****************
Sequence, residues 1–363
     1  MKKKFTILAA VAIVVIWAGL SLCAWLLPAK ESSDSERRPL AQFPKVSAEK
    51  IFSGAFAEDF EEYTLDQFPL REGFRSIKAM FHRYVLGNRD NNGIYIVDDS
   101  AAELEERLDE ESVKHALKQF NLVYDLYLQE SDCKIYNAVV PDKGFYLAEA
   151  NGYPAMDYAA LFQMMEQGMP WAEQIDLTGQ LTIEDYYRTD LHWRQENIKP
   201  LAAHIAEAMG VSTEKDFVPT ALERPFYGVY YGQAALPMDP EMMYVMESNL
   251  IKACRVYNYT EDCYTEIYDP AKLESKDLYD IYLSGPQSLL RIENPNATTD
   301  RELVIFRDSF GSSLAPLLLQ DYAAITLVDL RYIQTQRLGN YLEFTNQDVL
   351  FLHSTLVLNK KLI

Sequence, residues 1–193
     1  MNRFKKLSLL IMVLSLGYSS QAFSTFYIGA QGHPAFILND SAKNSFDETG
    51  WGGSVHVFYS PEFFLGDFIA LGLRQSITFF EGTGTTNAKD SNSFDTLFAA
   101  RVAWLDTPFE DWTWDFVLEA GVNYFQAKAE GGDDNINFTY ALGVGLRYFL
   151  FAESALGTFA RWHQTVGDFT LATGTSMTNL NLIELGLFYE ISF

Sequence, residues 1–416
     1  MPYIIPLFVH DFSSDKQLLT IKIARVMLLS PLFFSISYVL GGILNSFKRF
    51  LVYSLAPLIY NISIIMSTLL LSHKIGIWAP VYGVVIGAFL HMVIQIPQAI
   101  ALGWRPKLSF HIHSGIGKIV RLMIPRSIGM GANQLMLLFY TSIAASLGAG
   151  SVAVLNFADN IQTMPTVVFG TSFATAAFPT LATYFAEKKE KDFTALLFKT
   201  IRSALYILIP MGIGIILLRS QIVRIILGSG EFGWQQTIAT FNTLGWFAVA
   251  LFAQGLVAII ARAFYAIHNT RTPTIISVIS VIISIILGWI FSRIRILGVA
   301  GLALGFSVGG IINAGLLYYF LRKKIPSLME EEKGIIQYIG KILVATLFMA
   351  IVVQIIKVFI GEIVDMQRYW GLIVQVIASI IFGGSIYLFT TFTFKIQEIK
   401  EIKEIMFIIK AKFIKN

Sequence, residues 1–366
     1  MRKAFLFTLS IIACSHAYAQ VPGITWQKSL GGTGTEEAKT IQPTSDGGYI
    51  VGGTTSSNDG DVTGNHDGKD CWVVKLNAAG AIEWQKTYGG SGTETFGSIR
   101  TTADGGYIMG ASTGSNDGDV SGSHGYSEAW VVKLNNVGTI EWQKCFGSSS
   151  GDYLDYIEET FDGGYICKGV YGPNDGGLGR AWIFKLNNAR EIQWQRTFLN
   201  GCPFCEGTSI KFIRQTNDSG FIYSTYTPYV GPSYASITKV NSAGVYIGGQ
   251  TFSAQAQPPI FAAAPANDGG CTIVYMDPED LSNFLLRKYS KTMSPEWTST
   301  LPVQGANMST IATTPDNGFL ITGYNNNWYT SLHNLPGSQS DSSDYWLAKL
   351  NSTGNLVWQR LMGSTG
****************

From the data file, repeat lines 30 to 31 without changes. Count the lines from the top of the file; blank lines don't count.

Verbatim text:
   201  GCPFCEGTSI KFIRQTNDSG FIYSTYTPYV GPSYASITKV NSAGVYIGGQ
   251  TFSAQAQPPI FAAAPANDGG CTIVYMDPED LSNFLLRKYS KTMSPEWTST